Houghton’s previous incarnation, on 2012 album Yours Truly Cellophane Nose saw her slightly dismissively pigeonholed, in places, as a kind of wacky, folky, zany chick. So you can see where the annoyance might be coming from this time around. Statement-of-intent opener, "Black Flag", lays down the gauntlet: “Showdown baby”, she snarls, continuing: “Don’t try me cos I’m not in the mood”.

An effective and judicious deployment of swears, always enjoyable, sounds great when delivered in Houghton’s remarkably versatile vocal, which she can switch from the sweetest of trills to a near snarl and back again at will. “What is it like to fuck your mistress with her hands tied?” she asks, in a faux-innocent croon in "Young Entertainment", while the fury ramps up in "Mr. Hyde" where she describes (a relationship? A scene?): “What a shitstorm / What a fucking nightmare”, advising (us? Herself? An errant lover?) to: “Fuck it up / Tough it up”.

But probe a little underneath these hugely enjoyable bursts of ire, and some more nuanced shades will emerge. Houghton has a wonderful singing voice, gifted with subtlety in its delivery and a great range. And she uses it to convey a range of emotions, subtly as well as furiously.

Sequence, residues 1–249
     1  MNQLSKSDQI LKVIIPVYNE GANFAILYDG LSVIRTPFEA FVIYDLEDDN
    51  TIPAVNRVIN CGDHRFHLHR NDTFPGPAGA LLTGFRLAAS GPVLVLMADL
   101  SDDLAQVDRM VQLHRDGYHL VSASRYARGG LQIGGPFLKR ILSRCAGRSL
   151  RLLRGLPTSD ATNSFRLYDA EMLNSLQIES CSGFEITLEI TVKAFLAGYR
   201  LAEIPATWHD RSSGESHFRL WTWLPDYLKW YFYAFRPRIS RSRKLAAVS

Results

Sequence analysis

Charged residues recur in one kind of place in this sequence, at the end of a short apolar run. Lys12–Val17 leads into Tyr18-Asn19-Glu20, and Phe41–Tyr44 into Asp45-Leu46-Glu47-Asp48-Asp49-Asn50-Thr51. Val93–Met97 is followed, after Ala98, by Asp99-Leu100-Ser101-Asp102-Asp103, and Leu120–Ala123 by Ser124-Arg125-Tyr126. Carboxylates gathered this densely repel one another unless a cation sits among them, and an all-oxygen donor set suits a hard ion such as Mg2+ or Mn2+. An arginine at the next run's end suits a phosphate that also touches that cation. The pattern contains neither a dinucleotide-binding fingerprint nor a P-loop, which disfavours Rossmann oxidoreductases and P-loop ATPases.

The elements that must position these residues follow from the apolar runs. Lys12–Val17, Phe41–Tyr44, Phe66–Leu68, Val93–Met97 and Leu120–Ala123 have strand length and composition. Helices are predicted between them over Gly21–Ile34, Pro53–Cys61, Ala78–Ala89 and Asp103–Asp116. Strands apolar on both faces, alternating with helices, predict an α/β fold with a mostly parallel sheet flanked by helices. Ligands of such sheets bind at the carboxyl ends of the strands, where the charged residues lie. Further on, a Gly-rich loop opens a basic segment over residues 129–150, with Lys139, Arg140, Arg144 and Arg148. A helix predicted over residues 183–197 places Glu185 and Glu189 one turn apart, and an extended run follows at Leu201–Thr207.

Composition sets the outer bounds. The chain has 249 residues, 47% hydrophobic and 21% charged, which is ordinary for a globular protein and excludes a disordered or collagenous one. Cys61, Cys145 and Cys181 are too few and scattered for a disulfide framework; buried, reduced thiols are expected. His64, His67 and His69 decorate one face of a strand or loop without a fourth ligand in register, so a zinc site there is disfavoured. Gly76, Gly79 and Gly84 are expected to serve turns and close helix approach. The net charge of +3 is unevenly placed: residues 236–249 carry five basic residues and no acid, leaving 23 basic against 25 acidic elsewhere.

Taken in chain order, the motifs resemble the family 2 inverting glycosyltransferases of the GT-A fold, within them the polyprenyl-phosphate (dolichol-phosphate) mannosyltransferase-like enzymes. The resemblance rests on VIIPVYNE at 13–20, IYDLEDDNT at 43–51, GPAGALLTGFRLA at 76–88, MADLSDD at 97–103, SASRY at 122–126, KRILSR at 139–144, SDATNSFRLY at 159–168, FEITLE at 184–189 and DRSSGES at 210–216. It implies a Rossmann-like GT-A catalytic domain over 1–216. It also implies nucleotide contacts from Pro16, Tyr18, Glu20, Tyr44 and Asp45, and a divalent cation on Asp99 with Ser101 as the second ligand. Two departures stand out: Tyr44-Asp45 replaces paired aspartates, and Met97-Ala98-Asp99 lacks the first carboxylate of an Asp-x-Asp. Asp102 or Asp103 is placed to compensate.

So there are several rather touching ballads on the album (in fact, much of the lyrical content suggests a break-up theme). "After the Show" mourns the end of a fiery relationship, where “the love that we made was a love hotter than hell”, in a just-this-side-of-cheesy power ballad format. "Hunter" is both elegiac and beautifully-paced, as Houghton sings of an ex’s new relationship: “I hope that she keeps you happy at home (like I know you wanted)”. "Four In The Morning" is beautiful and love-laden, telling of the moment when you “wake with somebody who treats you right”.

More out-there moments are less in evidence than on Houghton’s previous material, to the overall benefit of the music. So there’s more of a concentration of tough-edged music (the bass-heavy opener to "Black Flag", "Chips To Go"’s near-shouted vocals and hard riffs) than the occasional off-piste (as opposed to pissed-off) moment.

The few of these that remain – an excerpt of "Knees Up Mother Brown" sung by children at the end of "If You’re Legal", an old man’s spoken reminiscences, outlining his philosophy of life at the beginning of "Isn’t It Wild", the typically flamboyant guest vocal contributed by Future Islands’ Samuel T Herring to "Mind Is On My Mind" – are perhaps the album’s least satisfying parts.

Overall, though, this is a satisfyingly substantial listen. Houghton has managed to marry her way with a melody and an arresting image with a splash of ire and a dollop of heartbreak, resulting in a hugely likeable and enjoyable whole. What’s in a name? Not much, perhaps. But changing hers seems to have had a largely positive outcome.